Somebody with a server and a registered domain name hurry up and make some web pages. Have a simple article about a guy with a fake name that google doesn’t return any results for. Then create some other pages that reference the fake guy in the metatags only. Wait for it be indexed by google and then see what the search results are like.

New says:

How exactly is this a trademark violation

I’m not understanding how this could even qualify as a trademark violation? How exactly is a string of characters as metadata violate a trademark? I will NEVER confuse that string “Jenzabar” in a tag I will never see with google or even an affiliation.

Think google needs to make a blacklist for these company’s that have an issue with this. Just don’t display them at all. Or is that another trademark violation because that string of characters is in a filter?

Sue the guy with money is getting old.

trademark says:

meta tags - so what

I do not see how meta tags, if used or not, have any relevance in this case. Maybe one of the ip lawyer types can explain it.

How is the use of a trademarked name in a metatag any different than use of same in regular text, say an editorial, product review, blog, etc? Attempting to silence your critics is nothing new, and I thought that the use of trademark in editorial, product review, blog, etc has been well established in the (US) courts. This attempt to attack search indexing via metatag seems to be just another vector in the same failed attempt to silence your critics.

Anonymous Coward says:

I’ve read bits off the affidavit, and what he’s saying it true, if you realize what he’s talking about.

He says Google indexes and uses metatags. This is absolutely true. Google uses at the very least the description metatag (although not for ranking purposes it seems). What they don’t use is the keyword metatag. And it doesn’t appear that they ever used the keyword metatag. if you read through the affidavit, he never says they use the keywords metatag. He does use the word keyword, but it seems like more of a general use (i.e., how many times the search term shows up on the page).

vagabondpenguin (profile) says:

Trade Secrets are covered by IP Law

Trade secrets are covered by intellectual property law.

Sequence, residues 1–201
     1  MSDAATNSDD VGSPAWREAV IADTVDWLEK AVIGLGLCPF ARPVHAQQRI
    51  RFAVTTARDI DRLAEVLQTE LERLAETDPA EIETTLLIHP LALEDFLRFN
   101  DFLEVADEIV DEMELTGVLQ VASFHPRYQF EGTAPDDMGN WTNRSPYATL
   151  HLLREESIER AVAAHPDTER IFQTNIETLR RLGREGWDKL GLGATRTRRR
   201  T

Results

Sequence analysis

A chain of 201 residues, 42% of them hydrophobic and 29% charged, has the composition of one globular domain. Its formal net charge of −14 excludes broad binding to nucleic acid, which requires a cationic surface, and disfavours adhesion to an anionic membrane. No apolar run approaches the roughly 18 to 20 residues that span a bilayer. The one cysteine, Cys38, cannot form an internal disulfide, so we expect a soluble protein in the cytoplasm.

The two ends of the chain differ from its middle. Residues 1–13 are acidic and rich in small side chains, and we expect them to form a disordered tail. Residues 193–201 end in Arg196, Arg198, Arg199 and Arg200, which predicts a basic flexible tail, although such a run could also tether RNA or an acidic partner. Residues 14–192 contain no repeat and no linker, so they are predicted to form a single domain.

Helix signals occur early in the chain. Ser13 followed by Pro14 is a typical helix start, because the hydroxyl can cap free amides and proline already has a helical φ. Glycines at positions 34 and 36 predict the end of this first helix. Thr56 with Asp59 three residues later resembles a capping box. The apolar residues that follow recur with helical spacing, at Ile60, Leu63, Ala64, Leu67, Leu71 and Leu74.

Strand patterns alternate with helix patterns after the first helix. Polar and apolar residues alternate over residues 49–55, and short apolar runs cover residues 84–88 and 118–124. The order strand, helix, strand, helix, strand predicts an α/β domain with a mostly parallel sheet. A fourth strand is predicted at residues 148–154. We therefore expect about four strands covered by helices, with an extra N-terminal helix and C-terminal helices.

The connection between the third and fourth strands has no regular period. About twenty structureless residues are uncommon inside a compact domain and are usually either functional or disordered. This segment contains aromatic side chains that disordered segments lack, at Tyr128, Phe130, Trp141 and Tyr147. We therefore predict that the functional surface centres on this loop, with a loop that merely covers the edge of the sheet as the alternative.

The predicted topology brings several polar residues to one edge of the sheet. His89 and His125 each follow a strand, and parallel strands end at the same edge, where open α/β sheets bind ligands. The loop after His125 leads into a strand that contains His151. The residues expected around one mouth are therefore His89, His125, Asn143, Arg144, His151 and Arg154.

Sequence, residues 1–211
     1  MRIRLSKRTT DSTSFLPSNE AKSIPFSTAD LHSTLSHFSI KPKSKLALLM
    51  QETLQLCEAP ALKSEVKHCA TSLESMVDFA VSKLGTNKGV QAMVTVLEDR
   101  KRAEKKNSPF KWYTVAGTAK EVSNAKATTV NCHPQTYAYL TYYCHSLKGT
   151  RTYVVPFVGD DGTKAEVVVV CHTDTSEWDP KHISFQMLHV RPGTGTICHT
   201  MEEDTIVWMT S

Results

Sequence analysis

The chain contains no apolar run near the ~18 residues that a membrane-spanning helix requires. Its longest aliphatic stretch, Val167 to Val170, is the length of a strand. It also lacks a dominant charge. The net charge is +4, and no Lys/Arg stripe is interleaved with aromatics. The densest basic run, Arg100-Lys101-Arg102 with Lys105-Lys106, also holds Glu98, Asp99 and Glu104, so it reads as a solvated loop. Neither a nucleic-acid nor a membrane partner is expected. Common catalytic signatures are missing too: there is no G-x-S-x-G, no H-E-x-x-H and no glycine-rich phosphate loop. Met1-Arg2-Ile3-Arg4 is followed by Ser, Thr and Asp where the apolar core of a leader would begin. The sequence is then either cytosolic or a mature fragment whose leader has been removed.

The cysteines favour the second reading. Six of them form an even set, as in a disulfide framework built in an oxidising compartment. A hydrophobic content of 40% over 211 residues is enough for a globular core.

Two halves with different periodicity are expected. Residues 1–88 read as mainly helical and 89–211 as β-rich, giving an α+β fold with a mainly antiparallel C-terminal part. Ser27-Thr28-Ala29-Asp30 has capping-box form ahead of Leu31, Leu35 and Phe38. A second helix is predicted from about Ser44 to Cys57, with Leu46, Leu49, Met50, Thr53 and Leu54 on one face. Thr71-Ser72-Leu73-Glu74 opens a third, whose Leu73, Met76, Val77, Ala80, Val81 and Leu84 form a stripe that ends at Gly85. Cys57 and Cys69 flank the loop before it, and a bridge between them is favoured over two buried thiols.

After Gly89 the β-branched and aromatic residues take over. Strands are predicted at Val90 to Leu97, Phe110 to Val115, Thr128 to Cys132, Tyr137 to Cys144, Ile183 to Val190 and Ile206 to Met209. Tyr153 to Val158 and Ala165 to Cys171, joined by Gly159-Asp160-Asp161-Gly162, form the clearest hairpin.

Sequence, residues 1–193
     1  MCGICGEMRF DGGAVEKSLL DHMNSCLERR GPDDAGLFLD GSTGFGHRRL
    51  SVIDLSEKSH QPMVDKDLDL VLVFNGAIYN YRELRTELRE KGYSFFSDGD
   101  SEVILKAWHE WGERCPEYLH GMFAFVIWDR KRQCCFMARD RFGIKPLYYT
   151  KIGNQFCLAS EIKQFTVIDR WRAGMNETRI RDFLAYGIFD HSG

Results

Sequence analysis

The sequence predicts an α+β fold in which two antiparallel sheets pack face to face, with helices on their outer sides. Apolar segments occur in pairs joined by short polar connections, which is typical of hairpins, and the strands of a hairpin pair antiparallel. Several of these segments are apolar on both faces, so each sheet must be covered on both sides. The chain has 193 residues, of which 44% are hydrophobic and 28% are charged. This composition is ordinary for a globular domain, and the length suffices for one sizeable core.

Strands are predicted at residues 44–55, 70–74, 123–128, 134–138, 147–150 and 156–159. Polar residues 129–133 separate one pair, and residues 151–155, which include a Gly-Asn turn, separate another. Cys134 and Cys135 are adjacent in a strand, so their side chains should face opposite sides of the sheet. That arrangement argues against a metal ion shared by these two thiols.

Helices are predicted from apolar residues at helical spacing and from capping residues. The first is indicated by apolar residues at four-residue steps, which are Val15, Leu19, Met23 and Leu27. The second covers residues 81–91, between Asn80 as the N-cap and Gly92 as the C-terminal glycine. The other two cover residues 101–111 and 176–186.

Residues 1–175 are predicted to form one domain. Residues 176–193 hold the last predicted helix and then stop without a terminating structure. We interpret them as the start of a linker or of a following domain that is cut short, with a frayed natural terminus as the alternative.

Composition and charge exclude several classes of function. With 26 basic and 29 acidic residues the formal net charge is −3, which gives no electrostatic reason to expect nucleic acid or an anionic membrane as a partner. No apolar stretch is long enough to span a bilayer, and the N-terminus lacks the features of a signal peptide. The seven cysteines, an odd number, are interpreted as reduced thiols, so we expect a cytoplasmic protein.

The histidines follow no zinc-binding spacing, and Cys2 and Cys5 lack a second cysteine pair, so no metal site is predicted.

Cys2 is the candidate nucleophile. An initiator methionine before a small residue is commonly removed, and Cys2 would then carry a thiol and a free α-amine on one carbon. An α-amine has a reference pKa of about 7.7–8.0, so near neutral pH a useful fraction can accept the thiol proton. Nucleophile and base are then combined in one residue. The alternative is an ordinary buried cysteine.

The cookie shop analogy fails the first bullet point below in that it is reasonably ascertainable by others (assuming it is a published cookbook and not some collection of index cards your grandma kept).

If it was the latter the question would then come down to if you made the proper efforts to keep it secret.

Most states have adopted some form of the Uniform Trade Secret Act (UTSA). The UTSA sought to provide some consistency in trade secret law that, until recently, was protected only by state laws. The Act defines a trade secret as:

“..information, including a formula, pattern,compilation, program, device, method, technique, or process that:

(a) Derives independent economic value, actual or potential, from not being generally known to, and not being readily ascertainable by proper means by, other persons who can obtain economic value from its disclosure or use; and

(b) Is the subject of efforts that are reasonable under the circumstances to maintain its secrecy.”

When you have information that has economic value as a result of its secrecy and you use reasonable efforts to keep it secret, you have a trade secret. There is no registration of trade secrets.

There is now also federal protection of trade secrets under 18 USC 1832 that defines and protects trade secret use, copying and theft in similar fashion to the UTSA.

Grand_Marquis says:

Reading flame wars on this site is so retarded. From what I’ve gathered, “Anonymous Coward” #3 is responding to “Anonymous Coward” #1 via a reply string started by “Anonymous Coward” #2, thus pissing off “Anonymous Coward” #2 instead of #1, meanwhile #4 jumped in to give an opinion, only to be attacked by #3, who I think he was agreeing with.

Half the argument on this page was over who called who a jackass…because it’s impossible to actually KNOW. There’s gotta be a better way to do this.